Stephen Ranger stands before a rare, privately owned Lawren Harris canvas in Waddington’s downtown office, detailing the importance of this particular work. The start of Waddington’s spring auction season is only a few weeks away and this Harris is easily the centre piece.

Deceptively simple brushstrokes have formed three dead, weathered trees, made smooth and white by the forces of nature, standing in arms of sunbeam before the vast waters of Lake Superior. Harris, arguably the most famous of the Group of Seven, produced the piece, dubbed Lake Superior, Painting X, during his journeys to the largest of the Great Lakes throughout the 1920s, a period when he also created the iconic Lake Superior, North Shore. This time was crucial to Harris’s development as an artist. His work became noticeably more simplistic, included dramatic lighting and an air of tension — elements that would become characteristic of his style. He drew from his growing interest in transcendentalism and theosophy, and as such, his paintings depicted a spiritual dimension in nature. “He was also very much drawn to looking to define, at the time — and we’re talking about in the ’20s, here — a new Canadian identity,” says Ranger, vice-president of business development at Waddington’s. “And that identity was very much associated with the North.”

What makes this piece so special is that most paintings by Harris are permanently housed in institutions, such as galleries and museums, like the ones in the Thomson Collection at the AGO, leaving very few in private hands. To see one outside of the institutional realm is uncommon. This one in particular has never been on the market. Ever. “It was bought by the present owner in 1952 from Lawren Harris’s son,” Ranger adds. “It’s never changed hands.” Come May 26, however, it will likely find a new owner.

Estimated to fetch between $2.5 million and $3.5 million, Lake Superior, Painting X is the crown jewel of the Waddington’s Canadian Fine Art Auction, and arguably of the renowned auction house’s spring season. Thousands of items pass through Waddington’s every year, and this year is no different. Collectors will find everything from the aforementioned Harris canvas, to Inuit sculptures, to a mix of pieces from private collections, to fine jewelry and decorative art.

New for 2014 is Waddington’s Exhibition of Contemporary Asian Art. Running from May 1 – May 11, this exhibition features works by Chen Minghui, William Ho and a number by Japanese artist Takashi Murakami. With bright, joyful images, such as smiling, multi-coloured flowers, Murakami’s work is what Ranger refers to as “happy art.” Not that Murakami isn’t a serious artist — his work is featured in museums across the world, including the Museum of Contemporary Art, Los Angeles — but “it’s just that his subject matter is accessible in ways that a lot of work in the contemporary art sphere is not,” Ranger explains.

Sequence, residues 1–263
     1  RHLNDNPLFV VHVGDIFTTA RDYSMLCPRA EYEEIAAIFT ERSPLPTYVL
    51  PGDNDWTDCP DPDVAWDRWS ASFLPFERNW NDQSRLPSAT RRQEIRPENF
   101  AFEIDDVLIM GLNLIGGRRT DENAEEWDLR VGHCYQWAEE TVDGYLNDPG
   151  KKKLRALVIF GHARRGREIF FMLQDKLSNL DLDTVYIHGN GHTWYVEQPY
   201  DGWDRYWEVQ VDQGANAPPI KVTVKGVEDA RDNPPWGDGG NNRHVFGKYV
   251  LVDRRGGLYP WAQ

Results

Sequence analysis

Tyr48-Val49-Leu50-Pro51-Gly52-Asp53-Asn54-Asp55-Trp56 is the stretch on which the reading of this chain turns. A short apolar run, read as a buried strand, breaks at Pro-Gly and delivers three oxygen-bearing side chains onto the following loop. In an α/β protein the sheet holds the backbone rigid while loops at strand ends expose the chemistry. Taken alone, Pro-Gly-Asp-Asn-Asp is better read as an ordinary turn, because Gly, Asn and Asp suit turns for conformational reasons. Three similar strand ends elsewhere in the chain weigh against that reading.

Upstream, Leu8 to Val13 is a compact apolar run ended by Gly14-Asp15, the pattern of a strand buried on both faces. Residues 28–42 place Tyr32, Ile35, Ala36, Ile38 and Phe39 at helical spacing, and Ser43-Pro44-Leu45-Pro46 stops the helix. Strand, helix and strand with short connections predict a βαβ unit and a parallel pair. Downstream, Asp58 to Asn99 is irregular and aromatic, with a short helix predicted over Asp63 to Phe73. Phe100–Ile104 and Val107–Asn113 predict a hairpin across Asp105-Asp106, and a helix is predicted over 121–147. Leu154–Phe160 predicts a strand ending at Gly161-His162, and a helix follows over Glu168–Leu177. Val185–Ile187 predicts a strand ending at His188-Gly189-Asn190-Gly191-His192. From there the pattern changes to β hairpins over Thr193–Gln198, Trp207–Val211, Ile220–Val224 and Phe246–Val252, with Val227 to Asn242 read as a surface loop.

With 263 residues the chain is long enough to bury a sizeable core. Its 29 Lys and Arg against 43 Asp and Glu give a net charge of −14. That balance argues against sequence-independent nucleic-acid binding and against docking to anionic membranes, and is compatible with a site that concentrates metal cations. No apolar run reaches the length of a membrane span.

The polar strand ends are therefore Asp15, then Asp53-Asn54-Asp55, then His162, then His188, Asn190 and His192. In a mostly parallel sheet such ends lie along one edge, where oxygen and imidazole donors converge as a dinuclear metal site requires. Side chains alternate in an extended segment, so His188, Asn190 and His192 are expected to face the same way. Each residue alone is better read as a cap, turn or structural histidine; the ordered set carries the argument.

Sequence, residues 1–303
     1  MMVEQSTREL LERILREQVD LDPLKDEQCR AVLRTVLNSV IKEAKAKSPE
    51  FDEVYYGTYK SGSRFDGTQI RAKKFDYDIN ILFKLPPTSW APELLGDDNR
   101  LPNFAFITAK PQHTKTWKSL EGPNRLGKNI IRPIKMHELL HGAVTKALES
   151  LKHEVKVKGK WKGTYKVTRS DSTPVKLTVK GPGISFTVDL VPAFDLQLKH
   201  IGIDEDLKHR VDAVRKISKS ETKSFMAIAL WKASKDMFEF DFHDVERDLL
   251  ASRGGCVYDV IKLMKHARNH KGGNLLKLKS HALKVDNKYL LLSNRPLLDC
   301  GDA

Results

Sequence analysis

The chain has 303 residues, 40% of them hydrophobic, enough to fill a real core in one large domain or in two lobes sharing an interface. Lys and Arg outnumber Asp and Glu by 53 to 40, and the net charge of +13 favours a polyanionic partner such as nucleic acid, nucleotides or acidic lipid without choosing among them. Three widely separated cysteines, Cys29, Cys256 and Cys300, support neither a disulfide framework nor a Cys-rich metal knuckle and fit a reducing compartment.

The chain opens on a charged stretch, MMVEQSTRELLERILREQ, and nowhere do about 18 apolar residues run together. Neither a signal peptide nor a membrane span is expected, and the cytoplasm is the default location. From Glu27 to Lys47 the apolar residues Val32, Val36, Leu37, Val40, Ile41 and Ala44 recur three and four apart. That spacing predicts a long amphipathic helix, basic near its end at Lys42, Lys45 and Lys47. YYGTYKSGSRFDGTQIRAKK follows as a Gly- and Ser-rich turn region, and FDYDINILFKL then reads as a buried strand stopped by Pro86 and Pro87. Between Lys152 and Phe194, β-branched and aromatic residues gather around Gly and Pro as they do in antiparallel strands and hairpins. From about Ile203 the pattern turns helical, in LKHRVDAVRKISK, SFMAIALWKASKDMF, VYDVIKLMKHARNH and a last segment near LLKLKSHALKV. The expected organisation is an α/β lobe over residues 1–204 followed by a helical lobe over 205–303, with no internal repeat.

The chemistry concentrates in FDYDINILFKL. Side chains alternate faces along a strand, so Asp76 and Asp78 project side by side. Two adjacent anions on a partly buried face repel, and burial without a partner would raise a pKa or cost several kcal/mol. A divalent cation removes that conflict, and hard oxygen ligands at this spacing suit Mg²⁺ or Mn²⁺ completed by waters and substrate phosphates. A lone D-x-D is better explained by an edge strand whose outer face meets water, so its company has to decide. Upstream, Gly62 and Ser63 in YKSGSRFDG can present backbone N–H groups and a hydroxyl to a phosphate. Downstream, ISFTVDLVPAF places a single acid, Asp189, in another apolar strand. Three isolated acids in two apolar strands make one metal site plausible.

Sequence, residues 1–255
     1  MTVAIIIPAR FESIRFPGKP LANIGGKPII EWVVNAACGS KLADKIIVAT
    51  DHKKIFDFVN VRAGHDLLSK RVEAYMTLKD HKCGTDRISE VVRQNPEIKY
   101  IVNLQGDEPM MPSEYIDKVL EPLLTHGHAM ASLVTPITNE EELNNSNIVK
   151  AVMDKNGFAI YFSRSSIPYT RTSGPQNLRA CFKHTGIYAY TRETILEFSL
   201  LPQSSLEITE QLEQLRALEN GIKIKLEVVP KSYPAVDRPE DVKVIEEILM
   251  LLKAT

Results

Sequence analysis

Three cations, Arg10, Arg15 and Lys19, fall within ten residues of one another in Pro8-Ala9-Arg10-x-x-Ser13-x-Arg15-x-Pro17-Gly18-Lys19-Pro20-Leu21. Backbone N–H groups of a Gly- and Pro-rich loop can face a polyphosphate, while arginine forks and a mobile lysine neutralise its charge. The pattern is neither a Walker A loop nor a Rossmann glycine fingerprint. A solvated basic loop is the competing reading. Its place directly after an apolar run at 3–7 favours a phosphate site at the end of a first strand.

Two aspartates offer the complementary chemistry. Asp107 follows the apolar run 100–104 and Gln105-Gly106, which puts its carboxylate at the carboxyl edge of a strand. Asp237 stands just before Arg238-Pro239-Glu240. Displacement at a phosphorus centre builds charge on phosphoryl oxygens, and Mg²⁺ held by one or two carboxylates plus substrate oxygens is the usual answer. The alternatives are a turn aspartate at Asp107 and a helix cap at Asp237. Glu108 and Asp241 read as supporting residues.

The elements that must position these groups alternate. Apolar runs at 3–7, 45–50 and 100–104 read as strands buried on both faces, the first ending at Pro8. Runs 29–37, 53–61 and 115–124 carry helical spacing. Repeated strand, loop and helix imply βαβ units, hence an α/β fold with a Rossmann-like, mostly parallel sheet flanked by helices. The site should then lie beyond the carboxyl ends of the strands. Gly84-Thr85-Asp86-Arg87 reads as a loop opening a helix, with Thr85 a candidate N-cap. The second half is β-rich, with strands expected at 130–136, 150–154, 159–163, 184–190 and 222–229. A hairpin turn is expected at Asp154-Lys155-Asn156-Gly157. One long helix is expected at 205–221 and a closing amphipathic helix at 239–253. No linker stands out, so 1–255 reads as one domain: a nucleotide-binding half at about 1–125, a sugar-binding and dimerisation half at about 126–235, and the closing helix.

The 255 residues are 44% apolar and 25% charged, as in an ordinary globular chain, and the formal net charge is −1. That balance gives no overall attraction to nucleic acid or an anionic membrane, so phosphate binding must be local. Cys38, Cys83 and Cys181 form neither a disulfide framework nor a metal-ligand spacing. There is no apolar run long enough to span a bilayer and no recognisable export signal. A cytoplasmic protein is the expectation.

Another highlight from the spring season is the Inuit Art Auction, which features approximately 300 aboriginal sculptures, including ones by Pauta Saila and Joe Talirunili. The Talirunili piece, made of stone, wood, hides and thread, depicts an umiak (a type of boat) full of migrants paddling across the water. Talirunili produced 20 similar sculptures throughout the late 60s and 70s and the last one that Waddington’s had up for auction sold for $250,000. This particular one is smaller in size and is expected to get $120,000 to $140,000.

“These are very, very iconic images and hugely important work in terms of the whole catalogue of Inuit material that doesn’t really have a long history,” says Ranger, who’s worked in the art auction business for over 25 years. “People only started to collect Inuit art in the 50s and 60s and when we refer to early pieces we’re talking about pieces that are really just a generation old.”

Other notable pieces include a couple of rare canvases by Emily Carr, with one estimated to sell for $150,000 to $200,000 — “She was maybe the woman who should have been in the Group of Seven,” says Ranger; and an eclectic array of items from the William (Billy) Jamieson Collection, such as samurai armour, tribal art, a fibreglass figure of a tattooed woman and a reproduction electric chair.

Visit www.waddingtons.ca for full listings, or head to Waddington’s Auction House, located at 275 King Street East, 2nd Floor, Toronto.

AUCTION DATES

The William (Billy) Jamieson Collection Auction
April 29, 2014, 7 p.m.

An Exhibition of Contemporary Asian Art
May 1-11, 2014

Canadian Fine Art Auction
May 26, 2014, 7 p.m.

Inuit Art Auction
June 2, 2014, 7 p.m.

Asian Art Auction
June 9, 2014, 7 p.m.